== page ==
Personalisation is a very data-intensive process, not only as regards providing tailored recommendations, but also in gathering insight into customer preferences, stock levels, manufacturing capacity, and supply chain that is so important for creating individualised items.

Know your customer

The most successful retailers are those that have an intuitive understanding of what their customers desires. In the digital age, data obviously plays an integral role in “know your customer” initiatives, but the sheer volume of information online and on social media often makes it difficult for brands to filter out the noise and concentrate on what’s important.

Analytics has a vital role to play in helping retailers to understand what’s truly important to their customers, and to tailor their offerings to win more of the market.

Dynamic pricing

Dynamic pricing has been around for decades (it was first used in the airline industry) but it’s only recently that other market sectors have begun to embrace the opportunity. Now, companies from Amazon to Uber routinely adapt prices in real-time thanks to the insight they glean from customer behaviour and other external factors.

Implementing dynamic pricing requires retailers to have a full 360-degree view of both customers and competitors. This necessitates a tightly integrated data network between retailers’ physical and digital properties, from bricks and mortar premises to social media pages, to gain the required data that enables them to make informed decisions on pricing.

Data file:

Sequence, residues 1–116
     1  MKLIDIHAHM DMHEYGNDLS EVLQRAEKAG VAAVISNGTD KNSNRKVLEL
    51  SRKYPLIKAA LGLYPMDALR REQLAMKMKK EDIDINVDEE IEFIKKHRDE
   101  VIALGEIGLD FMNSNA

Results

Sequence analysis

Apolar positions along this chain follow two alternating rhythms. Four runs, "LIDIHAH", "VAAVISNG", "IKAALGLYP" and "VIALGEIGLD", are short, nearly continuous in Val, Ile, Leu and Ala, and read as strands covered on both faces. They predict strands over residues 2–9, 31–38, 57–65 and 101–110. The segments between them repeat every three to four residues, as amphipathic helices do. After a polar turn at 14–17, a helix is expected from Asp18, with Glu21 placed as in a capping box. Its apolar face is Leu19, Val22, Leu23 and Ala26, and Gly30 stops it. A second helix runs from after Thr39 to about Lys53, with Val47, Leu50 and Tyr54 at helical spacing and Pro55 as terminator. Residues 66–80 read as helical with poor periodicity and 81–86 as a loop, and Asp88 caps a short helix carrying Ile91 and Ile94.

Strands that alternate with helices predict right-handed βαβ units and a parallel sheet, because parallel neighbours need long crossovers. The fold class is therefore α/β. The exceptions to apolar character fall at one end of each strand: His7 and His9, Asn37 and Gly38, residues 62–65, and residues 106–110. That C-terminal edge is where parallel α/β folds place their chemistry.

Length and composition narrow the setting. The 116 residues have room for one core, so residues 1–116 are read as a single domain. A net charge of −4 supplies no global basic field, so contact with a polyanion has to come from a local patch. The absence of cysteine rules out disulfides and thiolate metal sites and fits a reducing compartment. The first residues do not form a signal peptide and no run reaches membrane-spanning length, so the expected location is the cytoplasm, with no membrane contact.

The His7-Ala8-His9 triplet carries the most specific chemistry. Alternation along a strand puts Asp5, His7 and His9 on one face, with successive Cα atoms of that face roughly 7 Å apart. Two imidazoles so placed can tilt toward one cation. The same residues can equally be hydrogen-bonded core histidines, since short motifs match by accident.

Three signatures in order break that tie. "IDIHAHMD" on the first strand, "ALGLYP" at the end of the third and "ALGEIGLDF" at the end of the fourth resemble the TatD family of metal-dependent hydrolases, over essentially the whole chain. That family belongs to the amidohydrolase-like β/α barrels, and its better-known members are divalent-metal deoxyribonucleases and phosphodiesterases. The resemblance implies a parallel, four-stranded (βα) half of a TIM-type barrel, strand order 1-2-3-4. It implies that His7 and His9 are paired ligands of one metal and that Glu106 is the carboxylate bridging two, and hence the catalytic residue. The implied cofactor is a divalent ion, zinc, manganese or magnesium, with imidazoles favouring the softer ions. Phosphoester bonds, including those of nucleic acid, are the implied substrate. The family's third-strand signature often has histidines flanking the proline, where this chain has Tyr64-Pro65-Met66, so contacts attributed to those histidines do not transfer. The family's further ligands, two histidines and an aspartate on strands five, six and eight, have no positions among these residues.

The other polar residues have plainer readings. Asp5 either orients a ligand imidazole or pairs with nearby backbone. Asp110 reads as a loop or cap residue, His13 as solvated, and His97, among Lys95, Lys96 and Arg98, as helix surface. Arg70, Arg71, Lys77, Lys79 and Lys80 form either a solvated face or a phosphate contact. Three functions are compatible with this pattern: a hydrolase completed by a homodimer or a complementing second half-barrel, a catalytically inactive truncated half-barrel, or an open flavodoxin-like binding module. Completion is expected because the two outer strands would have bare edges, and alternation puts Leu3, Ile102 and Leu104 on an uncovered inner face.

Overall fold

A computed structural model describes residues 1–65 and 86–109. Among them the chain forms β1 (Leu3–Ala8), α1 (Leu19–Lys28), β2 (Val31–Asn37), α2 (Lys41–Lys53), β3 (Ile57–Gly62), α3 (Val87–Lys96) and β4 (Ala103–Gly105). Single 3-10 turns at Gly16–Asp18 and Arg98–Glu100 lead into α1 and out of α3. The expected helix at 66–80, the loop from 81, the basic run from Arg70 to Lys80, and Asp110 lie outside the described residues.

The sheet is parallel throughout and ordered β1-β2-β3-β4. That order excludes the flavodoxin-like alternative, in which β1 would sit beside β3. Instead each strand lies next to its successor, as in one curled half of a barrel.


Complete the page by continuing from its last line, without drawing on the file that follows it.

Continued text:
Analytics (and its cousin, machine learning) are crucial tools in turning this data into actionable insight.

Improving the supply chain

Alongside personalising products and creating great shopping experiences, it is critical to manufacture or deliver the goods in a timely manner to keep the experience a pleasant one. As retail operations grow more complex, the supply chain is being put under increasing strain; this is an area in which Infosys has been helping many retail customers with. Providing for global inventory visibility and maintaining optimum stock levels is a must.

Analytics enables retailers to crunch through huge amounts of data on their supply chain and logistics operations, identifying blockages or poor practices that are delaying their ability to bring the right product to the right customer at the right time.

While the above use cases focus just on the end client side from a digital foot print stand point, there are innumerable cases that the technology or cloud platform will enable. Having a cloud strategy is critical and for that, starting with a few use cases that provide for excellent business benefits will be a good start.

Ramakrishnan Krishnan, Head of Data Engineering, Infosys (opens in new tab)
Image source: Shutterstock/alexskopje

Ramakrishnan Krishnan is a seasoned veteran in the Data Analytics space. He has consulted and delivered many DWBI engagements for various clients across the globe. Currently as Associate Vice President, Krishnan is the DNA Practice Head for Retail, CPG & Logistics industry segment and also heads the Data Management practice for Infosys.